Display the Names of Access Objects in a Listbox Control
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Display the Names of Access Objects in a Listbox Controlby Susan Sales Harkins
Application: Access 2000
Operating system: Windows
When you need to let users select database objects, you'll often want to provide a custom interface that's consistent with the rest of your application, rather than having them make selections using the Database window. Those of us outside of the Access development team may never learn the inner workings of the Database window, but the feature is fairly easy to simulate using Access 2000's CurrentProject and CurrentData objects. In the article "Streamline code with CurrentProject and CurrentData" in the December 2000 issue, we used CurrentProject and the AllReports collection to display a dynamic list of reports in a combo box. As we explained then, these new objects give you quick access to Access objects without using DAO. This month, we'll expand upon the previous technique a bit. We'll show you how to populate a control with a list of Access object names based on the object type a user selects. You can easily adapt and enhance our procedure to suit your own applications.
Our technique requires a combo box, a list box and an event procedure. Users select an object type from the combo box and code attached to the control's AfterUpdate event populates the list box with the appropriate object names. You can create the form in any database, but we'll create ours in the Northwind sample database.
Create the form
To get started, select Forms on the Objects bar and then click New on the Database Window toolbar. Next, double-click on Design View in the New Forms dialog box. Using Figure A as a guide, add a combo box and a list box to the blank form. Name the combo box cboObject and the list box lstList and change the accompanying labels appropriately. We'll use cboObject to identify the type of objects we want lstList to display.
Figure A: You'll select an object type from the combo box to control what's displayed
in the Object List list box.
Table A contains the additional properties you'll need to set for both controls. Once you've set all the properties, open the form's module by clicking the Code button on the Form Design toolbar. Select cboObject from the Object dropdown list and AfterUpdate from the Procedure dropdown list. Then, enter the code shown in Listing A at the insertion point. Finally, save your form as frmObject.Table A: Properties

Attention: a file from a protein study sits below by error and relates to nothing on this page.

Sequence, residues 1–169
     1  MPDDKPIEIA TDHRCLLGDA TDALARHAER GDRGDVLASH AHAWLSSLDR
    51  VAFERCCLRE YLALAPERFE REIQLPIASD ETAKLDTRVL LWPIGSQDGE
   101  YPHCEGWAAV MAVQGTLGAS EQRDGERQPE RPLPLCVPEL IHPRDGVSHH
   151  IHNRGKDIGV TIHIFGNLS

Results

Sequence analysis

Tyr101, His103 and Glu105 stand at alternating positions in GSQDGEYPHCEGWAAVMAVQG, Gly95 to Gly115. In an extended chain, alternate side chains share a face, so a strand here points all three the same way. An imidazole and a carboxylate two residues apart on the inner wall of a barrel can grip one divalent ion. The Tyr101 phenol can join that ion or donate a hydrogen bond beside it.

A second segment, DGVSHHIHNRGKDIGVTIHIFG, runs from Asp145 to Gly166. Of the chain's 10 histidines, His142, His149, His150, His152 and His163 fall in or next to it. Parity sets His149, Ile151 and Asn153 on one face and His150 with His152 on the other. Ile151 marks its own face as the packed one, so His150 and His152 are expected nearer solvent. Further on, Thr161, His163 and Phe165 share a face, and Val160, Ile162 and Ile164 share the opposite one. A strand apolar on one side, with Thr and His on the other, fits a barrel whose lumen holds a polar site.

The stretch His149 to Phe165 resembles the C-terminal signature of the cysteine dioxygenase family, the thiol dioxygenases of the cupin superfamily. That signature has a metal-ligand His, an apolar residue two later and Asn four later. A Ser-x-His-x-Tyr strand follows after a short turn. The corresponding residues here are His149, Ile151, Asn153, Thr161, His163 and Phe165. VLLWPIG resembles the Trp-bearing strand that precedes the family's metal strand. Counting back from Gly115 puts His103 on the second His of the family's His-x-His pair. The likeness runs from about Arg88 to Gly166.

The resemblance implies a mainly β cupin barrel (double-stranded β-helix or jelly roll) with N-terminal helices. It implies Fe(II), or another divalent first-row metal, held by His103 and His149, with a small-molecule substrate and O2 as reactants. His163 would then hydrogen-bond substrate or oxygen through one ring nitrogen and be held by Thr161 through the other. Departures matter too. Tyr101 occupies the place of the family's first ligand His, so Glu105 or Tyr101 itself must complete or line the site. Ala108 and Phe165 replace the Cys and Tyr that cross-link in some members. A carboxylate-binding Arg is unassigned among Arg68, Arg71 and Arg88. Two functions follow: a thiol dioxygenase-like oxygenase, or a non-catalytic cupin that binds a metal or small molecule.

|cboObject||Row Source Type||Value List|
"Macro";"Module";"Data Access Page"
|lstList||Row Source Type||Value List|
Listing A: Procedure to populate listbox
Dim frm As Form, ctl As ComboBox Dim strObject As String, aob As AccessObject, obj As Object Dim strTemp As String, strList As String Set frm = Forms!frmObject Set ctl = frm!cboObject strObject = ctl.ListIndex Select Case strObject Case acTable Set obj = CurrentData.AllTables Case acQuery Set obj = CurrentData.AllQueries Case acForm Set obj = CurrentProject.AllForms Case acReport Set obj = CurrentProject.AllReports Case acMacro Set obj = CurrentProject.AllMacros Case acModule Set obj = CurrentProject.AllModules Case acDataAccessPage Set obj = CurrentProject.AllDataAccessPages End Select On Error Resume Next For Each aob In obj strTemp = aob.Name strList = strList & strTemp & "; " Next lstList.RowSource = strList
How it works
It looks like there's a lot of code in our procedure, but the majority of it declares and defines variables. The first line of real interest is the
strObject = ctl.ListIndex
statement, which defines the variable strObject. Specifically, strObject will equal the index position of the selected item in its dropdown list. Remember that these lists are 0-based, so the first item in the list returns an index value of 0, the second item returns the value 1, and so on. The next section of code is a Select Case statement which relies on strObject--the index value of the selected item in cboObject--to set the AccessObject variable obj. The obj variable defines the object collection for the upcoming For...Each statement. The Select Case statement identifies the appropriate object, either CurrentProject or CurrentData and the specific collection necessary to list the appropriate object names in cboObject.
For instance, let's suppose you select Form from cboObject. Doing so returns a list index value of 2. Therefore the Select Case statement will execute the third (remember the 0-based index) Case action,
Case acForm Set obj = CurrentProject.AllForms
The Set statement defines obj as the CurrentProject. In addition, the code specifies the AllForms collection, which limits that list of objects to just form objects.
Why use intrinsic constants?
You may have noticed that we used intrinsic constants to identify each Case condition in our Select Case statement. Doing so isn't necessary for the code to work. We could use the objects' integer values, which are 0 through 6. However, the constants make the code more readable and therefore easier to debug and maintain. You'll notice that we also listed the Case conditions in consecutive order, by each constant's integer value. This order matches the order of each object type named in cboObject, the control that lists the different object types. The order isn't critical to the success of our code; we arranged it this way to be consistent.
Simple error handling